Abstract Objective The purposes of this study were to examine the test–retest reliability, concurrent validity, and ecological validity of the Computerized Digit Vigilance Test (C-DVT) in patients with schizophrenia. Method Each participant was assessed four times, with 1-week intervals. In each assessment, the participants completed both the C-DVT and the original DVT. The participants were also assessed using the Lawton Instrumental Activities of Daily Living Scale (LIADL) and the Personal and Social Performance Scale (PSP). Results Forty-nine participants were recruited in this study. The results showed that the test–retest agreement of the C-DVT was good-to-excellent (intraclass correlation coefficient = 0.71–0.89). The random measurement errors of the C-DVT were acceptable (percentages of minimal detectable change = 12.9%–24.1%). The practice effect of the C-DVT reached a plateau after three assessments (effect size <0.20). The concurrent validity of the C-DVT was good (r = .75–.79 with DVT) when we controlled for the randomized administration order of the two tests. The ecological validity of the C-DVT was good (r = −.44 with the LIADL; r = −.45 with the PSP). Conclusions The C-DVT had acceptable test–retest reliability, sound concurrent validity, and sound ecological validity in patients with schizophrenia. These findings indicate that the C-DVT has the potential to be a reliable and valid test of sustained attention in patients with schizophrenia. Sustained attention, Psychometric property, Schizophrenia, Cognition Introduction Sustained attention can be defined as the ability to maintain consistent behavioral performance of a task for a reasonable duration of time (at least 3 min) (Betts, Mckay, Maruff, & Anderson, 2006; Loetscher & Lincoln, 2013; Sohlberg & Mateer, 1987). Sustained attention is a fundamental cognitive function involved in many daily activities, such as reading, writing, or working for a long time. Sustained attention deficit appears to be a common deficit in patients with schizophrenia (Liu et al., 2002). The deficit of sustained attention in patients with schizophrenia is associated with difficulties in social functioning (e.g., interpersonal communication and social activities) and instrumental activities of daily living (IADL, e.g., shopping, financial management, and taking medicine) (Evans et al., 2003; Green, 1996; Lipskaya, Jarus, & Kotler, 2011; Woonings, Appelo, Kluiter, Slooff, & van den Bosch, 2003). Because deficits of sustained attention are closely associated with the functional outcomes of patients with schizophrenia, the assessment and management of sustained attention deficits are crucial for clinicians in helping patients live independently in the community. The Digit Vigilance Test (DVT) is an often-used sustained attention test in patient with schizophrenia (Chan, Yip, & Lee, 2004; Depp et al., 2007; Lahiri & Singh, 2016; Raghavan, Shanmugiah, Bharathi, & Jeyaprakash, 2016). However, a previous study has indicated that the practice effect and random measurement error of the DVT are substantial in patients with schizophrenia (Lee, Li, Liu, & Hsieh, 2011). These drawbacks can cause inconsistencies in the results of the DVT across repeated assessments (Lee et al., 2011). The inconsistencies in the results may lead to misinterpretation of the performance changes in sustained attention even when subjects’ function of sustained attention may have been stable. To assess sustained attention with a limited practice effect and random measurement error, the Computerized Digit Vigilance Test (C-DVT) was developed based on the DVT (Yang, Lin, Chen, Hsueh, & Hsieh, 2015). The proposed C-DVT in the current study incorporated a design for reducing the practice effect: increasing the number of practice trials (Yang et al., 2015). This design helped subjects become fully familiar with the operation rules and methods of the C-DVT (Yang et al., 2015) before they performed the formal testing. To reduce random measurement error caused by patients’ poor visual acuity and visual scanning, the C-DVT adopted a large font size for the stimuli and fewer stimuli (one column of five stimuli) on each page. Because of the aforementioned features of the C-DVT, the C-DVT has the potential to assess sustained attention with a smaller practice effect and smaller random measurement error for patients with schizophrenia. The sound concurrent validity of the C-DVT has been validated in patients with stroke, which supports the C-DVT as a measure of sustained attention (Yang et al., 2015). Additionally, the test–retest reliability and ecological validity of the C-DVT are also sufficient in patients (Yang et al., 2015). However, such positive findings cannot be assumed for patients with schizophrenia because psychometric properties are population dependent (Hambleton, 2000). Thus, the psychometric properties of the C-DVT in patients with schizophrenia remain unknown. The purposes of this study were to examine the test–retest reliability, concurrent validity, and ecological validity of the C-DVT in patients with schizophrenia. Methods Participants We recruited patients by convenience sampling from two community-based psychiatric rehabilitation day centers affiliated with a medical center in northern Taiwan. Patients were included in this study if they met the following criteria: (1) diagnosis of schizophrenia according to the criteria of the Diagnostic and Statistical Manual of Mental Disorders, Fifth Edition (APA, 2013), (2) age ≥ 20 years, and (3) score of the Mini-Mental Status Examination (MMSE) ≥21 points. The exclusion criteria of this study were patients with (1) diagnosis of other neurological or psychiatric diseases affecting cognition (e.g., stroke or depression), (2) another severe medical condition or psychiatric disorder that required treatment during study, or (3) unstable severity of illness [specifically, the scores of the Clinical Global Impressions Scale-Severity (CGI-S) were different between the first and last assessments of the study]. This study was approved by the Institutional Review Board of the medical center. All participants signed consent forms before participating in this study. The sample size needed for the test–retest reliability analysis was estimated using power analysis with alpha = 0.05 and power = 0.80 (Doros & Lew, 2010). In addition, we set the width of the 95% confidence interval of the ICC at ≤0.30 and the ICC of the C-DVT at ≥0.70 (Yang et al., 2015). The power analysis using the aforementioned parameters showed that the appropriate sample size was 50 participants. Procedure This study contained four assessment sessions (referred to as Assessments 1–4) with 1-week intervals between two adjacent sessions. The participants completed both the C-DVT and DVT in all four assessment sessions. The testing order of the C-DVT and DVT was randomized for all participants and every assessment session. Between the administrations of the C-DVT and DVT, the participants rested for 3 min. We also administered the Lawton Instrumental Activities of Daily Living Scale (LIADL) in Assessment 3, the Personal and Social Performance Scale (PSP) in Assessment 4, and the CGI-S twice, in Assessments 1 and 4. One occupational therapist assessed all participants across four assessment sessions. In addition, we collected the patients’ demographic characteristics from chart review. Measures C-DVT (Yang et al., 2015): The C-DVT, which is based on the DVT, can be used to assess sustained attention (Yang et al., 2015). The C-DVT contains 28 trials in a practice session and 120 trials in a formal test. The operation interface of the C-DVT includes a computer screen and an external keyboard with only two buttons [a circle (“O”) and an X (“X”)]. When performing the C-DVT, subjects have to judge whether the screen displays the digit “6” in a column of 5 digits. If the screen displays the digit “6”, subjects should press the button with a circle; otherwise, subjects should press the button with an X. The C-DVT automatically records the total time (in s) needed for completing the test and the number of errors. The total time for completing the C-DVT is used as a primary index for evaluating participants’ ability of sustained attention. A shorter time for completing the C-DVT indicates better sustained attention. DVT (Lewis, 1995): The DVT is presented as a two-page test sheet containing 59 rows of 35 digits (i.e., 0–9) in a 12-point (pt) font size. To perform the DVT, subjects have to cross out all occurrences of the digit “6” on the test sheets. The rater of the DVT records the total time (in s) needed to complete the test sheet and the number of errors. The total time for completing the DVT is treated as a primary index of sustained attention. In this study, we used the DVT as an external criterion for examining the concurrent validity of the C-DVT. LIADL (Lawton & Brody, 1969): The LIADL contains eight items, which assess patients’ performance on eight IADL tasks (i.e., using a telephone, shopping, food preparation, housekeeping, laundry, transportation, responsibility for own medications, and ability to handle finances). The LIADL is commonly administered by face-to-face interview, and the items of the LIADL are scored according to whether a participant can independently perform the IADL tasks. The score range of the LIADL is 0–23. A higher score represents better IADL function. We used the LIADL as an external criterion for examining the ecological validity of the C-DVT. PSP (Morosini, Magliano, Brambilla, Ugolini, & Pioli, 2000): The PSP measures personal and social function in four sub-domains: socially useful activities (e.g., work and study), personal and social relationships, self-care, and disturbing and aggressive behaviors (Morosini et al., 2000). The PSP is rated through observing a participant’s performance on four sub-domains. The score of a sub-domain is scored on a 6-point scale (from 1: absent disability to 6: very severe disability). A total score (0–100) is transformed from the scores of the sub-domains. A higher total score represents better personal and social function. We used the PSP as an external criterion for examining the ecological validity of the C-DVT. CGI-S (Haro et al., 2003): The CGI-S assesses severity of psychiatric illness on a 7-point scale (1–7). The rating of the CGI-S is based on observed and self-reported symptoms, behavior, and function within 1 week. One point of the CGI-S represents that a patient is not ill, and 7 points represents that a patient is most severely ill. We used the CGI-S for examining whether the illness severity of the participants was stable during the study. Data Analysis Test–retest reliability Test–retest reliability has been defined as the extent to which repeated test scores of patients, who have not changed in the characteristic to be measured, are consistent (Mokkink et al., 2010). To examine test–retest reliability, we analyzed the test–retest agreement, random measurement error, and practice effect of the C-DVT and DVT in patients with schizophrenia. To examine test–retest agreement of the C-DVT and DVT, intraclass correlation coefficients (ICCs) (Bartko, 1966) were used for two contexts: the ICC across four repeated assessments and the ICC of two adjacent assessments (i.e., Assessment 1 vs. Assessment 2, Assessment 2 vs. Assessment 3, and Assessment 3 vs. Assessment 4). The purpose of calculating the ICC across four repeated assessments was to indicate the overall test–retest agreement of the C-DVT and DVT. The purpose of calculating the ICC of two adjacent assessments was to indicate the change in test–retest agreement as the number of assessment sessions increased. The ICC was defined as the ratio of between-subject variance to total variance (between-subject variance + within-subject variance), and was calculated based on a two-way random model of analysis of variance (Bartko, 1966). An ICC value > 0.80 was considered to indicate excellent test–retest agreement; 0.60–0.79, good agreement; 0.40–0.59, moderate; and <0.40, poor (Bushnell, Johnston, & Goldstein, 2001). To visually assess each participant’s agreements of the C-DVT and DVT scores, we drew Bland–Altman plots using each participant’s mean score of the first two assessments against the difference of scores between the two assessments (Bland & Altman, 1986). The limits of agreement (LOAs) were calculated to illustrate the width of distribution of the score differences using the following formula: the mean difference between assessments ± 1.96 × standard deviation of the difference between assessments. We calculated the minimal detectable change (MDC) and MDC percentage (MDC%) to examine the random measurement error of the C-DVT and DVT. The MDC was calculated using the following formula (Haley & Fragala-Pinkham, 2006):   MDC=1.96×SDfirst assessment of each 2 adjacent assessments×2×(1-ICC2 adjacent assessments) The MDC estimated the amount of a score change that could be considered a real change (beyond the score change caused by random measurement error) at the 95% confidence level. The MDC% was calculated by dividing the MDC by the mean scores of two adjacent assessments and then multiplying by 100%. An MDC% below 20% was considered acceptable random measurement error (Huang et al., 2011). To examine the practice effects of the C-DVT and DVT, we analyzed the mean differences between each two adjacent assessments using both paired t-test and effect size. The significance level, alpha, of the paired t-test was set at 0.017 (0.05/3 times of comparisons) for reducing Type I errors of multiple comparisons between each two-adjacent assessment of the four assessment sessions. Furthermore, the effect size was calculated by dividing the mean score differences of each two adjacent assessments by the SD of the score differences. An effect size >0.80 was considered to indicate a large practice effect; 0.50–0.79, medium; 0.20–0.49, small; and <0.20, negligible (Cohen, 1988). In addition, we examined whether the practice effect had reached a plateau phase by the following two criteria (Chiu et al., 2014): (1) the effect size of two adjacent assessments was smaller than 0.20 (e.g., whether the effect size between Assessments 2–3 was smaller than 0.20) and (2) the later effect size of two adjacent effect sizes was smaller than the previous practice effect (e.g., whether the effect size of Assessments 2–3 was smaller than that of Assessments 1–2). Concurrent validity Concurrent validity can be defined as the extent of correlation between a new or revised test (e.g., the C-DVT) and its original test (e.g., the DVT) (La Porta et al., 2011). We examined the concurrent validity of the C-DVT by analyzing the levels of correlation between the C-DVT and DVT scores across the four assessment sessions using the Pearson’s correlation coefficient (r). However, the results of the concurrent validity examination might have been attenuated by systematic bias due to the study design (Ibrahim et al., 2015). We designed the random administration order of the C-DVT and DVT for each participant at each session. Therefore, about half of the participants completed the C-DVT first, and the other half of the participants completed the DVT first. The random administration order of the two tests might have caused systematic bias. For example, because both tests instruct participants to detect the digit “6”, participants might have become more familiar with detecting the digit “6” after performing the first test. Thus, the results of the second test might have been improved by the experience of performing the first test (Ibrahim et al., 2015). To control for the possible systematic bias so as to examine the concurrent validity, we adopted the methods proposed by Ibrahim and colleagues (2015). First, we adjusted the scores of the second tests by conducting linear regression models to estimate the amounts of change score caused by systematic bias. Then we used the estimated change score to adjust the scores of the second tests (i.e., the change score was added to the scores of the second test for each participant). Second, we used the raw scores and adjusted scores to analyze the levels of correlation between the C-DVT and DVT across four assessment sessions. An absolute value of r > .75 was considered to indicate high concurrent validity; .40–.74, acceptable; and <.40, poor (Salter et al., 2005). Ecological validity Ecological validity indicates the extent of correlation between a patient’s performance on a test and a patient’s daily function (Chaytor & Schmitter-Edgecombe, 2003). In addition, we examined the ecological validity of the C-DVT and DVT by analyzing the levels of correlation between the C-DVT/DVT and both the LIADL and PSP using Pearson’s r. The C-DVT/DVT score and the LIADL score (or the PSP score) obtained at the same session were analyzed. That is, the C-DVT/DVT score of Assessment 3 and the LIADL score were used. The C-DVT/DVT scores of Assessment 4 and the PSP score were analyzed. An absolute value of an r > .40 was considered to indicate good ecological validity; <.40, poor (Rempfer, Hamera, Brown, & Cromwell, 2003; Woonings et al., 2003). The criteria of the ecological validity examination were looser than those of the concurrent validity examination. The reason was that the extent of the correlation between two tests assessing related constructs (examination of the ecological validity), in theory, should be smaller than that between two tests assessing the same constructs (examination of the concurrent validity) (Mokkink et al., 2010). Results During our study, we recruited 74 patients and excluded 24 of them due to inconsistencies in their CGI-S scores (n = 23, range of the CGI-S scores difference = −2, −1, and 1). Among the 51 patients included in this study, two patients were lost to follow-up. Finally, 49 patients completed this study, and their data were analyzed. All the participants were Asians (Taiwanese), and most were females (69.4%) with mild severity (mean score of the CGI-S = 1.4). The number of years after onset was about 19 on average (mean ± SD = 18.9 ± 8.6). Regarding the C-DVT assessments, the completion time of the participants was about 4.8 min on average, and the number of errors was very low (1st–3rd quartile = 0–3) for most of the participants. The average completion time of the DVT was about 8.5 min, and the number of errors was low (1st–3rd quartile = 0–10) for most of the participants. Table 1 shows further characteristics of the participants. Table 1. Demographic characteristics of the participants (n = 49) Characteristic  Mean ± SD  Number (%)  Gender   Male    15 (30.6)   Female    34 (69.4)  Age, years  41.3 ± 10.8    Education level   Elementary    3 (4.2)   Middle school    11 (15.3)   High school or vocational school    22 (30.6)  University    13 (18.1)  Year after onset  18.9 ± 8.6    Number of admissions  2.3 ± 2.2    Type of antipsychoticsa   First generation    7 (14.3)   Second generation    40 (81.6)  Age of onset, years  20.6 ± 6.9    Work before onseta   Service industry    7 (14.3)   Industry    6 (12.2)   Clerk    3 (6.1)   Not employed    31 (63.3)  Living situationa   Living with family    46 (93.9)   Living alone    1 (2.0)   Living in an institution    1 (2.0)  Marital status   Married    1 (1.4)   Unmarried    42 (58.3)   Divorced    5 (6.9)   Other    1 (1.4)  Severity   Mild    21 (29.2)   Moderate    26 (36.1)   Severe    2 (2.8)  CGI-S  1.4 ± 0.6    MMSE  28.4 ± 2.1    LIADL  6.8 ± 1.2    PSP  64.9 ± 7.3    C-DVT  Number of errors, median (1st–3rd quartile)   1st assessment session  1.0 (0.0–3.0)     2nd assessment session  1.0 (0.0–1.5)     3rd assessment session  1.0 (0.0–2.0)     4th assessment session  0.5 (0.0–2.0)    DVT  Number of errors, median (1st–3rd quartile)   1st assessment session  3.0 (1.0–10.0)     2nd assessment session  3.0 (1.0–7.5)     3rd assessment session  3.0 (1.0–6.0)     4th assessment session  3.0 (0.0–5.0)    Characteristic  Mean ± SD  Number (%)  Gender   Male    15 (30.6)   Female    34 (69.4)  Age, years  41.3 ± 10.8    Education level   Elementary    3 (4.2)   Middle school    11 (15.3)   High school or vocational school    22 (30.6)  University    13 (18.1)  Year after onset  18.9 ± 8.6    Number of admissions  2.3 ± 2.2    Type of antipsychoticsa   First generation    7 (14.3)   Second generation    40 (81.6)  Age of onset, years  20.6 ± 6.9    Work before onseta   Service industry    7 (14.3)   Industry    6 (12.2)   Clerk    3 (6.1)   Not employed    31 (63.3)  Living situationa   Living with family    46 (93.9)   Living alone    1 (2.0)   Living in an institution    1 (2.0)  Marital status   Married    1 (1.4)   Unmarried    42 (58.3)   Divorced    5 (6.9)   Other    1 (1.4)  Severity   Mild    21 (29.2)   Moderate    26 (36.1)   Severe    2 (2.8)  CGI-S  1.4 ± 0.6    MMSE  28.4 ± 2.1    LIADL  6.8 ± 1.2    PSP  64.9 ± 7.3    C-DVT  Number of errors, median (1st–3rd quartile)   1st assessment session  1.0 (0.0–3.0)     2nd assessment session  1.0 (0.0–1.5)     3rd assessment session  1.0 (0.0–2.0)     4th assessment session  0.5 (0.0–2.0)    DVT  Number of errors, median (1st–3rd quartile)   1st assessment session  3.0 (1.0–10.0)     2nd assessment session  3.0 (1.0–7.5)     3rd assessment session  3.0 (1.0–6.0)     4th assessment session  3.0 (0.0–5.0)    Note: CGI-S = Clinical Global Impression-Schizophrenia Scale; MMSE = Mini-Mental State Examination; ADL = activities of daily living; PSP = Personal and Social Performance Scale; C-DVT = Computerized Digit Vigilance Test; DVT = Digit Vigilance Test. aThe total percentage was not 100% because some participants’ information could not be obtained. Test–Retest Reliability Tables 2 and 3 show the results of the test–retest reliability analyses. The ICCs of the C-DVT were larger than 0.70 (ranging from 0.71 to 0.89), and those of the DVT were larger than 0.90 (ranging from 0.95 to 0.96). The Bland–Altman plots of the C-DVT and DVT are presented in Figs. 1 and 2, respectively. The plots show that the points were generally scattered randomly. The LOAs of the C-DVT were −55.7 and 69.3, and those of the DVT were −139.1 and 139.3. Table 2. Mean, SD, and ICC of the C-DVT and DVT (n = 49) Tests  Time 1  Time 2  Time 3  Time 4  ICC (95% CI)  Mean ± SD  Mean ± SD  Mean ± SD  Mean ± SD  C-DVT  287.2 ± 45.9  280.4 ± 38.5  272.6 ± 38.6  277.1 ± 44.2  0.77 (0.67–0.85)  DVT  525.7 ± 212.7  525.6 ± 217.6  502.9 ± 177.7  488.6 ± 175.2  0.93 (0.89–0.96)  Tests  Time 1  Time 2  Time 3  Time 4  ICC (95% CI)  Mean ± SD  Mean ± SD  Mean ± SD  Mean ± SD  C-DVT  287.2 ± 45.9  280.4 ± 38.5  272.6 ± 38.6  277.1 ± 44.2  0.77 (0.67–0.85)  DVT  525.7 ± 212.7  525.6 ± 217.6  502.9 ± 177.7  488.6 ± 175.2  0.93 (0.89–0.96)  Note: C-DVT = Computerized Digit Vigilance Test; DVT = Digit Vigilance Test; SD = standard deviation; CI = confidence interval; ICC = intraclass correlation coefficient (estimation of four assessments). Table 3. Parameters of test–retest agreement, random measurement error, and practice effect of the C-DVT and DVT (n = 49) Tests  Adjacent assessments  Test–retest agreement  Random measurement error  Practice effect  ICC (95% CI)  MDC  MDC%  Differencea (Mean ± SD)  Effect sizeb  pc  C-DVT  Time 1–2  0.71 (0.54–0.83)  68.5  24.1%  6.8 ± 31.9  0.21  .14  Time 2–3  0.83 (0.70–0.90)  44.0  15.9%  7.8 ± 21.7  0.36  .02  Time 3–4  0.89 (0.81–0.93)  35.5  12.9%  −4.6 ± 19.6  −0.23  .11  DVT  Time 1–2  0.95 (0.91–0.97)  156.0  29.7%  0.1 ± 71.0  0.00  .99  Time 2–3  0.95 (0.90–0.97)  134.9  26.2%  22.7 ± 61.6  0.37  .01  Time 3–4  0.96 (0.93–0.98)  110.1  22.2%  14.3 ± 47.3  0.30  .04  Tests  Adjacent assessments  Test–retest agreement  Random measurement error  Practice effect  ICC (95% CI)  MDC  MDC%  Differencea (Mean ± SD)  Effect sizeb  pc  C-DVT  Time 1–2  0.71 (0.54–0.83)  68.5  24.1%  6.8 ± 31.9  0.21  .14  Time 2–3  0.83 (0.70–0.90)  44.0  15.9%  7.8 ± 21.7  0.36  .02  Time 3–4  0.89 (0.81–0.93)  35.5  12.9%  −4.6 ± 19.6  −0.23  .11  DVT  Time 1–2  0.95 (0.91–0.97)  156.0  29.7%  0.1 ± 71.0  0.00  .99  Time 2–3  0.95 (0.90–0.97)  134.9  26.2%  22.7 ± 61.6  0.37  .01  Time 3–4  0.96 (0.93–0.98)  110.1  22.2%  14.3 ± 47.3  0.30  .04  Note: C-DVT = Computerized Digit Vigilance Test; DVT = Digit Vigilance Test; ICC = intraclass correlation coefficient (estimation of two adjacent assessments); CI = confidence interval; MDC = minimal detectable change. aDifference = Scorepre – Scorepost. bEffect size = MeanDifferences/SDDifferences. cSignificance level = 0.02 (i.e., 0.05/3). Fig. 1. View largeDownload slide The Bland–Altman plot of the C-DVT (Times 1 and 2). Fig. 1. View largeDownload slide The Bland–Altman plot of the C-DVT (Times 1 and 2). Fig. 2. View largeDownload slide The Bland–Altman plot of the DVT (Times 1 and 2). Fig. 2. View largeDownload slide The Bland–Altman plot of the DVT (Times 1 and 2). The MDC%s of the C-DVT were smaller than 20% (12.9%–24.1%), except the MDC% between Assessments 1 and 2 (24.1%). However, the MDC%s of the DVT were all larger than 20% (22.2%–29.7%) across Assessments 1 to 4. In addition, the MDCs of the C-DVT ranged from about 0.5 to 1 min, and those of the DVT ranged from about 2 to 2.5 min. The analyses of the practice effect revealed that the effect sizes of score change in the C-DVT were larger than 0.20 among Assessments 1–3 (effect size = 0.21–0.36), but smaller than 0.20 between Assessments 3 and 4 (effect size = −0.23). Conversely, the effect sizes of score change in the DVT were larger than 0.20 among Assessments 2–4 (effect size = 0.30 to 0.37), but smaller than 0.20 between Assessments 1 and 2 (effect size = 0.00). Concurrent Validity The raw scores of the C-DVT were moderately correlated with those of the DVT (r = .53–.64, p < .01). However, high correlations were found between the adjusted scores of the C-DVT and DVT (r = .75–.79, p < .01). Ecological Validity The C-DVT scores were moderately correlated with both the LIADL (r = −.44, p < .01) and PSP scores (r = −.45, p < .01). Furthermore, the DVT scores were weakly correlated with the LIADL (r = −.15, p = .31) and PSP scores (r = −.30, p = .03). Discussion The analyses of the test–retest agreement in patients with schizophrenia revealed that the ICCs of the C-DVT were higher than 0.75 (0.76–0.87) and that the ICCs of the DVT were higher than 0.90 (0.93–0.95). In addition, the Bland–Altman plots of the C-DVT and DVT showed no obvious systematic trend of bias (i.e., difference of scores) across the mean scores (e.g., the difference increases as the mean scores increases or decrease) (Bland & Altman, 1986).These results indicate that the test–retest agreement of the C-DVT is good-to-excellent, and that of the DVT is excellent, in patients with schizophrenia. The test–retest agreement of the DVT appeared better than that of the C-DVT, possibly due to the DVT’s higher ratio of between-subject variance (which can be represented by the SD2 of the scores in each assessment) to within-subject variance (which can be represented by the SD2 of the difference scores between two adjacent assessments) (Lexell & Downham, 2005). The higher ratio of the DVT (the ratio of the DVT = 9.0–14.1 vs. that of the C-DVT = 2.1–3.9) tends to increase the estimated ICCs and might have caused overestimation of the test–retest agreement of the DVT in this study (Lexell & Downham, 2005). Because the values of the ICC tend to be influenced by the variance of the test scores, we should interpret the test–retest reliability from another reliability examination, including random measurement error and practice effect. From the analyses of random measurement error, we found that most of the MDC%s of the C-DVT were smaller than 20% in patients with schizophrenia (12.9%–15.9%), except the MDC% between Assessments 1 and 2 (24.1%). However, the MDC%s of the DVT were larger than 20% (22.2%–29.7%) across adjacent assessments. These findings indicate that the C-DVT has acceptable random measurement error in patients with schizophrenia, whereas the random measurement error of the DVT was somewhat larger. Such a difference may be ascribed to the design of the C-DVT, which is intended to help the participants see the stimuli clearly (i.e., the font size of the stimuli in the C-DVT [36 pt] is larger than that in the DVT [12 pt]) (Yang et al., 2015) and requires less visual searching (i.e., the C-DVT presents only one column of 5 digits on each page, whereas the DVT presents 59 rows of 35 digits on each page). Therefore, these designs of the C-DVT may remove potential confounding influences from variability in visual acuity and visual searching skill across the participants. These findings support that those designs of the C-DVT can be helpful in reducing random measurement error. The MDC is a useful indicator for clinicians and researchers in judging whether a participant’s change score of repeated measurements is caused by random measurement error (i.e., the change score ≤ MDC) or by a real change in the participant’s ability (i.e., the change score > MDC). The MDCs of the C-DVT in patients with schizophrenia were 35.5–68.5 s, and those of the DVT were 110.1–156.0 s. These results indicate that a patient’s change score of the C-DVT will only need to be larger than 68.5 s (MDC% = 24.1%), which can be regarded as a real change in sustained attention. In contrast, the change score of the DVT should be larger than 156.0 s (MDC% = 29.7%) for users to interpret that the patient has a real change in sustained attention. Because the C-DVT had smaller MDC% than the DVT, the C-DVT appears to be a more useful test to detect real change in sustained attention in patients with schizophrenia. Therefore, our results show the potential of the C-DVT for use as an outcome measure for examining treatment effects on sustained attention in patients with schizophrenia. The analyses of the C-DVT’s practice effect showed that the effect size of Assessments 3–4 (−0.23) was smaller than 0.20 and smaller than that of Assessments 2–3 (0.36). These findings indicate that the practice effect of the C-DVT scores reached a plateau after three assessments. In contrast, the effect size of the DVT (0.30) was larger than 0.20 even between Assessments 3 and 4, which indicates that the practice effect of the DVT scores did not reach a plateau even after three assessments. The C-DVT scores reaching a plateau earlier than the DVT scores may have been due to two specific design characteristics of the C-DVT: the random presentation of the targets and the large number of practice trials before the formal testing (Yang et al., 2015). The practice effect of the DVT can cause users to overestimate improvement or underestimate deterioration of sustained attention in patients with schizophrenia. Therefore, the C-DVT appears to be a more suitable measure for repeatedly assessing sustained attention in patients with schizophrenia. In the examination of the concurrent validity, we found that the extent of the correlation between the adjusted scores (r = .75–.79) of the C-DVT and DVT was higher than that between the raw scores (r = .53–.64). This phenomenon indicates that the raw scores of the two tests might have been affected by the systematic bias of the administration order (Ibrahim et al., 2015). Therefore, the extent of the correlation between the raw scores of both tests was attenuated by the systematic bias (Ibrahim et al., 2015). In other words, the concurrent validity may have been underestimated by examination of the correlation between raw scores. On the other hand, the adjusted scores were calculated to control for the systematic bias of the administration order. Thus, the extent of correlation from the adjusted scores may more plausibly represent the concurrent validity of the C-DVT. The high correlations from the adjusted scores support that the concurrent validity of the C-DVT is good in patients with schizophrenia. The analyses of ecological validity showed that the C-DVT score was moderately correlated with the scores of both the PSP and the LIADL (r = −.43 and −.42, respectively). These results were in agreement with the results of previous studies, which reported the small-to-moderate correlations between sustained attention and both social function (r = .42–.59) (Meyer & Kurtz, 2009; Nienow, Docherty, Cohen, & Dinzeo, 2006; Ohno et al., 2000) and IADL (r = .36–.54) (Evans et al., 2003; Lipskaya et al., 2011) in patients with schizophrenia. In contrast, the DVT score was weakly correlated with both the PSP and the LIADL scores (r = −.30 and −.15, respectively). These findings indicate that the C-DVT has good ecological validity in patients with schizophrenia, but the ecological validity of the DVT was not supported. The difference in the ecological validities of the C-DVT and DVT might have been due to the larger random measurement error of the DVT (Muchinsky, 1996). The substantial amount of random measurement error of the DVT may have reduced the magnitude of the correlations between the DVT score and either the PSP score or the LIADL score. In contrast, the good ecological validity of the C-DVT may make it more appropriate than the DVT for inferring a patient’s social function and IADL function: If a patient with schizophrenia has a better score on the C-DVT, he/she is likely to have better social function and IADL function. Comparing the completion times of the C-DVT and DVT, we found that the C-DVT required only about half the completion time of the DVT in formal testing (C-DVT: 4.5–4.8 min vs. DVT: 8.1–8.8 min). The results indicate that the efficiency of the C-DVT assessment is better than that of the DVT assessment. Additionally, although the completion time of the C-DVT is shorter than that of the DVT, the completion time of the C-DVT for the participants was longer than 3 min, which is regarded as the minimum time for testing sustained attention. Therefore, the C-DVT can help users reduce the administration time for assessing sustained attention in patients with schizophrenia (Betts et al., 2006; Loetscher & Lincoln, 2013). In addition to the completion time, the total error counts of both the C-DVT and the DVT were also recorded. However, we did not analyze the error counts as a measure of the psychometric properties. The reason was that the error counts of both tests were too low (1st–3rd quartiles of the C-DVT and DVT were 0–3 and 0–10, respectively) to be analyzed as continuous scores (e.g., completion times). The low error counts of both tests may suggest that this score cannot differentiate the sustained attention abilities of patients with schizophrenia. For a user of both tests, the error counts could provide information to judge whether the C-DVT or DVT is suitable for a patient (Lewis, 1995). If a patient has more errors on the tests (e.g., more than 10 errors on the C-DVT), the patient may not have followed the testing rules. In this situation, the assessor could provide further instruction or demonstration of the testing rules for the patient. Two limitations of this study should be noted. First, the severity of the participants’ symptoms might have been unstable during the periods between Assessments 2 and 3, for we assessed the severity of illness (CGI-S) only at Assessments 1 and 4. The unstable symptom severities might have caused underestimation of the test–retest reliability of the C-DVT and the DVT. Second, the demographic homogeneity of our participants may have impeded the generalization of our findings to the general population of schizophrenia. All the participants were Asians, and most had mild severity of illness and a long period after onset. Further studies should recruit patients with different demographic characteristics to cross validate the psychometric properties of the C-DVT. In conclusion, our results showed that the C-DVT had acceptable test–retest reliability, good concurrent validity, and good ecological validity in patients with schizophrenia. These findings indicate that the C-DVT has the potential to become a reliable and valid test of sustained attention in patients with schizophrenia. Funding This study was supported by a research grant from the Taipei City Hospital (TPCH-104-059). The funding source had no role in the design and conduct of the study; collection, management, analysis, and interpretation of the data; preparation, review, or approval of the manuscript; and decision to submit the manuscript for publication. Conflict of interest No authors report any potential conflicts of interest. 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Archives of Clinical NeuropsychologyOxford University Press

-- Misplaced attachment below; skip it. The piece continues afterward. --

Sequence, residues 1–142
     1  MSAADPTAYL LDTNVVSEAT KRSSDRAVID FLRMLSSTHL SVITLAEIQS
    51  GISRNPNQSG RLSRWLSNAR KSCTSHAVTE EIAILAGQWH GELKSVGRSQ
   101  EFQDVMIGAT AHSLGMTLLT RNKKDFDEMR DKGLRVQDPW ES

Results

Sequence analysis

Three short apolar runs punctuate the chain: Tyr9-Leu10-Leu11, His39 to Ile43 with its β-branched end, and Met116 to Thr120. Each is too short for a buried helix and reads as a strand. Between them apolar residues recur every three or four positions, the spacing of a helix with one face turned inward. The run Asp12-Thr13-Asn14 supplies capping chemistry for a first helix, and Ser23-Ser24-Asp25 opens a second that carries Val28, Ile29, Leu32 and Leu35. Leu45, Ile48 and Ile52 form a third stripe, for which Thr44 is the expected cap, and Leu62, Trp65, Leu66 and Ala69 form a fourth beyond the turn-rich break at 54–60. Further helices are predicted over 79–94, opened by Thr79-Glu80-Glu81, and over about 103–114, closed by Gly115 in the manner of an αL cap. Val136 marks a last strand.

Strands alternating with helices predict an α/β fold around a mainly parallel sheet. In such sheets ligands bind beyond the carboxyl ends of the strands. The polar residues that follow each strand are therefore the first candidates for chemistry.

Published: Mar 1, 2018